Cultivating Mental Resiliency

“Mental resiliency is arguably the most critical trait of a world-class performer, and it should be nurtured continuously.”
– Josh Waitzkin


Josh Waitzkin is an American chess player, martial arts competitor, and author. As a child, he was recognized as a chess prodigy, and won the U.S. Junior Chess championship in 1993 and 1994. He is the only person to have won the National Primary, Elementary, Junior High School, High School, U.S. Cadet, and U.S. Junior Closed chess championships in his career. The movie Searching for Bobby Fischer is based on his early life.  As a young adult, Waitzkin’s focus shifted to the martial art Taiji Quan.  He holds several US national medals and a 2004 world champion title in the competitive sport of Taiji Push Hands.  Waitzkin also became a championship coach and is also a black belt in Brazilian Jiu-Jitsu Brazilian Jiu-Jitsu under world champion and Brazilian Jiu-Jitsu phenomenon Marcelo Garcia.  He is the author of The Art of Learning.


Josh says in his book, “Mental resiliency is arguably the most critical trait of a world-class performer, and it should be nurtured continuously.”  Based on my experience, I completely support Josh’s strong suggestion to cultivate mental resiliency.  High performance psychology is the cornerstone world-class leadership.

“I’m always looking for more and more ways to become psychologically impregnable.”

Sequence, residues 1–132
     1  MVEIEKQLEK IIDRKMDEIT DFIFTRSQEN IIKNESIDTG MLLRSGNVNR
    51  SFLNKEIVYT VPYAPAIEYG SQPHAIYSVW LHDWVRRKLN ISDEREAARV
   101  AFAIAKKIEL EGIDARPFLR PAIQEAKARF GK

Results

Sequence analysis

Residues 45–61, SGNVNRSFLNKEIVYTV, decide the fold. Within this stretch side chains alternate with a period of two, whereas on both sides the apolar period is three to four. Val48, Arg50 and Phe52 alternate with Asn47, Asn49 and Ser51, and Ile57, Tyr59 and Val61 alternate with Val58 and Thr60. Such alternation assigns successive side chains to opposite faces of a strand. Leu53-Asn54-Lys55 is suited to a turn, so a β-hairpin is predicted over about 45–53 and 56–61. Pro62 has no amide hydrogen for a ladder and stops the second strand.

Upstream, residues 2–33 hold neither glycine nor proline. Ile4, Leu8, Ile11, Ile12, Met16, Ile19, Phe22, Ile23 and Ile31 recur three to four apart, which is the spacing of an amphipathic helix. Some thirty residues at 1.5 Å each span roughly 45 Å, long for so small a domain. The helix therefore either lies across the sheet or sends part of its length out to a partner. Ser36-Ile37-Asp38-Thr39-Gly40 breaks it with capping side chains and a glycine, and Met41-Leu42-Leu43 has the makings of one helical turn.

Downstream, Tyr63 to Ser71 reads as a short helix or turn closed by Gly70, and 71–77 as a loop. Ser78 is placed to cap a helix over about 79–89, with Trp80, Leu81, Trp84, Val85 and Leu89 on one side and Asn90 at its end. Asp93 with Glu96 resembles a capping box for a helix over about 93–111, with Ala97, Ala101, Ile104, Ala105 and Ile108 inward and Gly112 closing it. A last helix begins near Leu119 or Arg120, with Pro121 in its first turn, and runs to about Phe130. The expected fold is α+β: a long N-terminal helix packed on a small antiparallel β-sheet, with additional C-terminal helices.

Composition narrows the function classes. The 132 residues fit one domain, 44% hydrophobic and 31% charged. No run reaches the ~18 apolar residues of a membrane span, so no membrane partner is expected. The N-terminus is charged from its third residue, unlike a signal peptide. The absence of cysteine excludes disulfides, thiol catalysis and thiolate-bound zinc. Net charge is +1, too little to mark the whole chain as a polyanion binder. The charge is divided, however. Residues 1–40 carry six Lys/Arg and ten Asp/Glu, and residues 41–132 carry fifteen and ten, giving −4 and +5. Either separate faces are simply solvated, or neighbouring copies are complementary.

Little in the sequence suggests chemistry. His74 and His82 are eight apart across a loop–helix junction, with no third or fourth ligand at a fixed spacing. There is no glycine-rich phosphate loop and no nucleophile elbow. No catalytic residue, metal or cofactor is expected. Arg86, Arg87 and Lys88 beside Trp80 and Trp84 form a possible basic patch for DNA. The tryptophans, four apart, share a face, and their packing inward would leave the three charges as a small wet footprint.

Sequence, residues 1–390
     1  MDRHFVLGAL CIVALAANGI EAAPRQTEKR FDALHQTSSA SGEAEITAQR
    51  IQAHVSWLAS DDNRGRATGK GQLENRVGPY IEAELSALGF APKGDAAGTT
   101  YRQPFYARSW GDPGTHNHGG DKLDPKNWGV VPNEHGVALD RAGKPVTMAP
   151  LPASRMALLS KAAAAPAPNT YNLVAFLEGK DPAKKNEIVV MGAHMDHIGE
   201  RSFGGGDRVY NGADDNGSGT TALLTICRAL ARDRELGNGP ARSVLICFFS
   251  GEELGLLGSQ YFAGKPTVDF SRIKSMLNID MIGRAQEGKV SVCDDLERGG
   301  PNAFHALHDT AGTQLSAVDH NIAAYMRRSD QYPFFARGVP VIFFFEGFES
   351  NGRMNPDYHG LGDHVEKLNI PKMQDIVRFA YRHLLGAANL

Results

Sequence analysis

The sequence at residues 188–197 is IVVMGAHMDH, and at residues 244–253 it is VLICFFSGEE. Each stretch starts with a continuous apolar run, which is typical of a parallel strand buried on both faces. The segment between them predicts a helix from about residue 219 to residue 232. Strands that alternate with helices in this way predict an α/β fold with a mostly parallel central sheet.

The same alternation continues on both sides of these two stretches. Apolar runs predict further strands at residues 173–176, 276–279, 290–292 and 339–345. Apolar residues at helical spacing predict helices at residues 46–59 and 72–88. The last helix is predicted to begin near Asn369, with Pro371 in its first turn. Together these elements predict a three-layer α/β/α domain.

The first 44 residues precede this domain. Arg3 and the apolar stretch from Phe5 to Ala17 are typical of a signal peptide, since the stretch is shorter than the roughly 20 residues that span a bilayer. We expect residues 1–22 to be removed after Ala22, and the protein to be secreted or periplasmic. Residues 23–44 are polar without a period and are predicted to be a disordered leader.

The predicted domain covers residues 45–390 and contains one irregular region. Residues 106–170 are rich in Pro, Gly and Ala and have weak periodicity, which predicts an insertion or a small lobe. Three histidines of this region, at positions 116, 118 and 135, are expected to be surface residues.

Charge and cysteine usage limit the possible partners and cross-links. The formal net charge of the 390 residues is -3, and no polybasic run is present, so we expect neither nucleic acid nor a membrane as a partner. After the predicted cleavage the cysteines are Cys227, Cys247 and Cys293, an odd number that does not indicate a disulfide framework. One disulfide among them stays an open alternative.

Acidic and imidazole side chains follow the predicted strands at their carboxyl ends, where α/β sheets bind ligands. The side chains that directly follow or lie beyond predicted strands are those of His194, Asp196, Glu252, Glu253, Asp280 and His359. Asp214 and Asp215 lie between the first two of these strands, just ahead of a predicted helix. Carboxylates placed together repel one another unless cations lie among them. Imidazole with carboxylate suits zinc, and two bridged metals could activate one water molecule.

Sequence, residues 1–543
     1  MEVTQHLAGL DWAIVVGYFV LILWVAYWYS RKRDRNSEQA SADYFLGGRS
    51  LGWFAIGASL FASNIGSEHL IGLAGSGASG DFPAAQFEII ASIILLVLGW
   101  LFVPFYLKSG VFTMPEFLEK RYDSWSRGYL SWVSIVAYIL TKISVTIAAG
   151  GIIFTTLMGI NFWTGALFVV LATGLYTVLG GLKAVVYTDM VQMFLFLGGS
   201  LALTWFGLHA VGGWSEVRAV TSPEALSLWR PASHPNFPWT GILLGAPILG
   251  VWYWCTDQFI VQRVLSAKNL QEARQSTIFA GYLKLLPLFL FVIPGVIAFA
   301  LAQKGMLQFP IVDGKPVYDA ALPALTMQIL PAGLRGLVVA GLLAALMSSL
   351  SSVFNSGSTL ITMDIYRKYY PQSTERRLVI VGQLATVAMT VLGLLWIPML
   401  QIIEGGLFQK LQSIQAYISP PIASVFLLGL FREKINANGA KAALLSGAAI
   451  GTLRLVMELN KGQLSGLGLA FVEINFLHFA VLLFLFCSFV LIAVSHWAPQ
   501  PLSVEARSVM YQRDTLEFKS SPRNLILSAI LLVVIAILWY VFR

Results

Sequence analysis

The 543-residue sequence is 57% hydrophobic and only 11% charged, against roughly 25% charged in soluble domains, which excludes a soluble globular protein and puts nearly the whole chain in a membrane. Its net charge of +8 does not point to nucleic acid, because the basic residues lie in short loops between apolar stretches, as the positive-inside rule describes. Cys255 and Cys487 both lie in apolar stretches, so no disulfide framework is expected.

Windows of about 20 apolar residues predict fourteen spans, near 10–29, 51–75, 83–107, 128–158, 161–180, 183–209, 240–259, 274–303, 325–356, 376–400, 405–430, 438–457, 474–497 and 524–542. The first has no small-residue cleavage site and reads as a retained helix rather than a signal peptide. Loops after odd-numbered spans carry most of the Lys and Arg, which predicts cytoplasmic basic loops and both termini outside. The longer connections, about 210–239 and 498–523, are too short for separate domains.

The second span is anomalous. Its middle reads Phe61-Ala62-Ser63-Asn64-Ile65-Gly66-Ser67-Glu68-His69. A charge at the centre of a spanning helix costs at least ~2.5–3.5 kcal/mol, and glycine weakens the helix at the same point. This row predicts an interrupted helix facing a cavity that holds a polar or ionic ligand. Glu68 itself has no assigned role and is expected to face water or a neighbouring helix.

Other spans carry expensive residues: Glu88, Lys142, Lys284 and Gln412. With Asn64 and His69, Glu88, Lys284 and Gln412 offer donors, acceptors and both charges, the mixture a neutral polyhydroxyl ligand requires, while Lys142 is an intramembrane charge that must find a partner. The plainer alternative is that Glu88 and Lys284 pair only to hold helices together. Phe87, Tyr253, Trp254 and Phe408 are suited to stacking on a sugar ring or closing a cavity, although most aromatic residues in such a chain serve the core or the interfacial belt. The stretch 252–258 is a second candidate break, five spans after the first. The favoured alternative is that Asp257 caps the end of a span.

-Josh Waitzkin

And, in my view the key here is the imperative to continuously nurture mental resiliency.  It doesn’t matter how mentally tough you are today, you can and should get tougher.  This trait isn’t binary….it lives on a continuum.  Already mentally tough?  Work on getting tougher…because there is always a looming challenge that lies beyond your current capabilities.  In the top 10% get in the top 1% and so on…


My view is that mental resiliency means the ability to control your mental and emotional state in times of duress.  Mentally resilient leaders maintain focus and control regardless of the highs and lows of the world around them.  They happen to life, life doesn’t happen to them.  In fact, they leave a positive dent on the world.


Mental resiliency requires, among other traits

  • Self awareness – everyone thinks they are but few measure up
  • Self control – you MUST have the ability discipline your behaviors and thoughts
  • Emotional stability  – be emotional but be in control of them…not hostage to them.
  • In particular, you must eliminate anger from your realm of emotions
  • Continuous improvement mindset – this is the key


Josh says, and I agree, that “the solution…does not come from denying our emotions but in learning to use them to our advantage.”  We must channel our moods into heightened focus.

In my opinion, this ability requires a core belief that you are in control of how you feel…not external events or the world around you.

Like every skill, mental resiliency comes from practice.


Rob serves as the Managing Partner of Integis, a retained executive search firm with offices in New York, Cleveland and San Francisco that is exclusively focused on the private equity-backed, middle market.  The firm’s mission is to drive multiples of invested capital (MOIC) for private equity firms by recruiting high-impact portfolio company C-Suite leaders.  The firm has played a key part in helping many of its private equity clients achieve top-quartile and top-decile results.  Under Rob’s leadership, Integis has been twice recognized as one of America’s fastest growing privately held companies by the Inc. 5000 in 2015 and 2016.

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